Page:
Sep 21

There’s No Use Pushing Syndergaard

Sure, it would be good to see Noah Syndergaard pitch again this season for the Mets, even if it is an inning of relief. However, that one inning won’t answer any important questions. It might even raise a couple if Syndergaard were to reinjure himself.

Ideally, the Mets wanted Syndergaard to start several times and build up to perhaps a dozen to 15 innings. That might have given the Mets an idea where Syndergaard stood in his rehab, and if nothing else, alleviate his anxiety.

That’s not happening now, but it doesn’t matter because those 15 innings would have only given the Mets an idea about Syndergaard’s partially torn lat muscle, but not answered fully all his questions.

After throwing 39 pitches in a simulated game Monday, Syndergaard could be given clearance to pitch. It’s really important to Syndergaard to get out there before the season ends a week from Sunday.

“It’s a personal thing for me,” Syndergaard told reporters. “I am getting really anxious. I spent three or four months rehabbing, and if at this point they are going to shut me down, what really was the whole point of all that? I feel I worked really hard in the rehab process and I just really want to get out there and prove I can come back from that kind of injury healthy.”

What was the whole point? It’s hard to believe he really said that, but then again, he’s said a lot of crazy things lately. When Syndergaard hurt himself, by his own stubbornness in first by bulking up without consulting the Mets, and secondly, with his refusal to undergo an MRI. His injury and lost season are totally on him.

If Syndergaard doesn’t pitch again this season, he’ll go into the winter with questions, and subsequently, spring training. That makes three significant questions including Zack Wheeler (stress reaction in his arm) and Steven Matz (elbow surgery).

“There is a process to get a player ready to play the game,’’ manager Terry Collins said. “The only way we know what we are looking at all winter long is to see where we are at the end of the year, such as with two guys who can’t pitch right now, we don’t know where we are with them down the road.’’

The Mets are trying to learn what they can with Matt Harvey, Robert Gsellman, Seth Lugo and Rafael Montero.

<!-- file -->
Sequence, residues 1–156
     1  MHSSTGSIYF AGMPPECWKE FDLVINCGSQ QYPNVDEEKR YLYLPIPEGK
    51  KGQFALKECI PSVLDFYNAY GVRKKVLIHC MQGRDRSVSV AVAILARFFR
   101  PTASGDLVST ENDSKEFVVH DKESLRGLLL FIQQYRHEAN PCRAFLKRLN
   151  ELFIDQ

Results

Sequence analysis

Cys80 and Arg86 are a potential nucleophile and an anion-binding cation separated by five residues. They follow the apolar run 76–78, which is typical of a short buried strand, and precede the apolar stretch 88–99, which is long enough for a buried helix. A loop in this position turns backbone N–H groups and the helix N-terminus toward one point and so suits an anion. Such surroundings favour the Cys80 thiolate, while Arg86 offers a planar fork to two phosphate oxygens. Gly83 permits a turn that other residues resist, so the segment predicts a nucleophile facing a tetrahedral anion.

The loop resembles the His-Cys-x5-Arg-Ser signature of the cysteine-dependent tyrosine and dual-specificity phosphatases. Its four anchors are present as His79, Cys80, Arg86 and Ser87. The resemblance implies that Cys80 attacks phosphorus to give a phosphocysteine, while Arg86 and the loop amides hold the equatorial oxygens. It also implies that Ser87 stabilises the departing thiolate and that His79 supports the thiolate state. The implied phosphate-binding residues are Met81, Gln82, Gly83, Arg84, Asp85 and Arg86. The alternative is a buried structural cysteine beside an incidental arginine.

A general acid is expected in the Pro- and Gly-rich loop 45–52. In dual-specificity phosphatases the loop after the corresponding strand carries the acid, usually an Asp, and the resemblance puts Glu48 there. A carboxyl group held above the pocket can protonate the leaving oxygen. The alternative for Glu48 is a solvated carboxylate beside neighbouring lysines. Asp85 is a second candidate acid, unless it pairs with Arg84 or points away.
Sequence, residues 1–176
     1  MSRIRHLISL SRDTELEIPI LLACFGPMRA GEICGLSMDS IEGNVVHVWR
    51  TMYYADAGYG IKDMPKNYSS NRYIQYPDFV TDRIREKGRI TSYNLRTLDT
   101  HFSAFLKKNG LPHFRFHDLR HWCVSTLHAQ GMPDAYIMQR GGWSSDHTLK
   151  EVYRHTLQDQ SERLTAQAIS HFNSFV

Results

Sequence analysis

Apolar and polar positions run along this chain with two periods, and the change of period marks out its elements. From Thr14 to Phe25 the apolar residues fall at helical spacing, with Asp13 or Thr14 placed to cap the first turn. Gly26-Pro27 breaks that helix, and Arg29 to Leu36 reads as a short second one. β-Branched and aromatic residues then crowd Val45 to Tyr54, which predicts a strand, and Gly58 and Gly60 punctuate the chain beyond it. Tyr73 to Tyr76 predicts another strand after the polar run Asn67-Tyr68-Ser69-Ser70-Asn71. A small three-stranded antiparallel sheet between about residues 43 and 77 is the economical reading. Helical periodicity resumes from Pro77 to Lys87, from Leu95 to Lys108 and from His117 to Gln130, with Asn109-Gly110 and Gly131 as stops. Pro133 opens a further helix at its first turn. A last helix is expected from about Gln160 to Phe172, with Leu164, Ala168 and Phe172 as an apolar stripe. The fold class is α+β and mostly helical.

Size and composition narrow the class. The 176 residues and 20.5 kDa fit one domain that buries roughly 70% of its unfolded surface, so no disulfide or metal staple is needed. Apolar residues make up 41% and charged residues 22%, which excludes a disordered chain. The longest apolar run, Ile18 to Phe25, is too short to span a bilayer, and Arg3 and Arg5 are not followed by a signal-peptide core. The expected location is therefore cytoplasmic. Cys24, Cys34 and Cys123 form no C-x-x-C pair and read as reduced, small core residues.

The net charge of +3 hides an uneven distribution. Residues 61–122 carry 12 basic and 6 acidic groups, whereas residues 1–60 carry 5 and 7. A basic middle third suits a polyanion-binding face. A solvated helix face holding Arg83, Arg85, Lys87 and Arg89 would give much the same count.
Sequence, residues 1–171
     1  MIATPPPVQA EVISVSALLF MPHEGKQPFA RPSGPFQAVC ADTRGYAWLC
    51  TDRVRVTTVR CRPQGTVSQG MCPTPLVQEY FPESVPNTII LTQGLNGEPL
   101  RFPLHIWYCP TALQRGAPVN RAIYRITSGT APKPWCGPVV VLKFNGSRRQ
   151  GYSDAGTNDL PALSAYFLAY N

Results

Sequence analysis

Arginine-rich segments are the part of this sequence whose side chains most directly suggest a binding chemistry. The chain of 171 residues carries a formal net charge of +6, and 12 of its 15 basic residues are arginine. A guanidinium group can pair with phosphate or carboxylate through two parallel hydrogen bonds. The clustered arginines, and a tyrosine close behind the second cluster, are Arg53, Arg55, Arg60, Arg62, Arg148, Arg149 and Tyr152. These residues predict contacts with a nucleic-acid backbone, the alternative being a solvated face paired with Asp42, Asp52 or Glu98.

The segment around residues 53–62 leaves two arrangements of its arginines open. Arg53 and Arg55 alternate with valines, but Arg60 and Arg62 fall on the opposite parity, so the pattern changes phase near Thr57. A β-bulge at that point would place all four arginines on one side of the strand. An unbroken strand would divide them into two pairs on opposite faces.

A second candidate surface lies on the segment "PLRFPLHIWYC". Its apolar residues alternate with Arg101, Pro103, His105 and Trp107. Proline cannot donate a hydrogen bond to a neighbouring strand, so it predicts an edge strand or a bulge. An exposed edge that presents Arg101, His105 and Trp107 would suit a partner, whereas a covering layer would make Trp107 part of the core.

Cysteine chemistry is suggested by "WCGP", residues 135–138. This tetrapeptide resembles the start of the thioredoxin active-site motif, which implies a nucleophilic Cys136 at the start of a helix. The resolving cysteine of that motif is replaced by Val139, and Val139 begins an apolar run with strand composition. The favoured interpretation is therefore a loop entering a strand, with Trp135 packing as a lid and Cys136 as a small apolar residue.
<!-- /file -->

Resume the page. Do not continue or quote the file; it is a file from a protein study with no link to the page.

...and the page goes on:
That’s seven potential starters, each with a significant question. That’s what the Mets are all about these days, and pitching is supposed to be their strong suit. So, while it would be good to see Syndergaard pitch  again this year, it isn’t imperative.

Sep 17

Gsellman Has Positive Audition For 2018

Today, he was the good Robert Gsellman. The Mets will take every start what they got from Gsellman – one unearned run in seven innings – but unfortunately for both parties, he has only provided glimpses of today’s production every other start at best.

“Just trying to finish strong for these guys so we can have some good momentum heading into next spring,’’ Gsellman told reporters after the Mets’ 5-1 victory over the Braves. “Just trying to keep it rolling.’’

GSELLMAN: Makes 2018 statement. (AP)

GSELLMAN: Makes 2018 statement. (AP)

Gsellman, like Seth Lugo, came up at midseason in 2016 and joined an injury-ravaged rotation to pitch the Mets into the playoffs. However, because of the combination of injuries and poor performance, neither have pitched to expectations, or even to where they have defined roles heading into spring training.

Gsellman should get another two starts, and if he duplicates today’s production, he would have to be considered for a rotation spot. In addition to his line, Gsellman did two things that were positive. The first was going seven innings because length defines a starter.

The second, and this was the most important thing I took from the game, came in the seventh after a pair of Amed Rosario errors, when he pitched out of it with only one run against him. When a starter can limit damage him that late in the game when he’s getting tired, that’s about as positive as you can get.

“I thought I worked well out of it,” Gsellman said. “I tried to pick up Rosario. We all make mistakes.”

As of now, Jacob deGrom, who beat the Braves Saturday, is the only given in next season’s rotation. Noah Syndergaard’s rehab took another step backward and the Mets don’t know if he’ll get into a game this season. Matt Harvey has been hit hard in his rehab games. Harvey lost two of his three starts this month with a 12.19 ERA and 20 hits allowed.

Steven Matz and Zack Wheeler won’t pitch again until next spring. Rafael Montero took the loss, but pitched well Friday against the Braves.

So, in looking at next year, deGrom is the only answered question. Gsellman and Montero pitched well this weekend to make their cases for next season, but nothing definitive.

Sep 15

How Can You Not Be Happy For Bruce?

I channel surfed during Mets-Cubs last night to Indians-Royals. I love that history is being made in Cleveland, my hometown, and was especially happy to see Jay Bruce drove in the game-winner. After what he went through last season, and how he rebounded this year, how can you not cheer for a guy like that?

BRUCE: Happy for him. (AP)

                        BRUCE: Happy for him. (AP)

Meanwhile, the Mets remain rudderless, with no viable veteran presence.

Unless the money is so overwhelming, why would Bruce want to come back to the Mets? Seriously, if I’m Bruce, I know I already have enough money to live comfortably for the rest of my life. If the Indians make a viable offer, I’d stay in Cleveland rather than come back to the toxic atmosphere permeating around the Mets.

We can assume manager Terry Collins won’t be coming back, and with him will likely go the coaching staff. What will be constant is probably GM Sandy Alderson and his penny-pinching ways.

We can assume Michael Conforto won’t be ready for Opening Day, and possibly the same applies to Yoenis Cespedes. Alderson is already on record saying don’t expect an increase in salary, so Bruce would probably get a low-ball offer, and if he’s crazy enough to take it, he won’t be getting much help.

Why would he put himself through that again?

Alderson says he expects the Mets to compete next season, predicated of course, on their young pitching. But, Jacob deGrom is the ace, but with only 14 wins. Matt Harveys rehab is three starts – one good; two bad – and after losing to the Cubs Wednesday he said there’s been nothing positive. It sounds like he defeated mentally.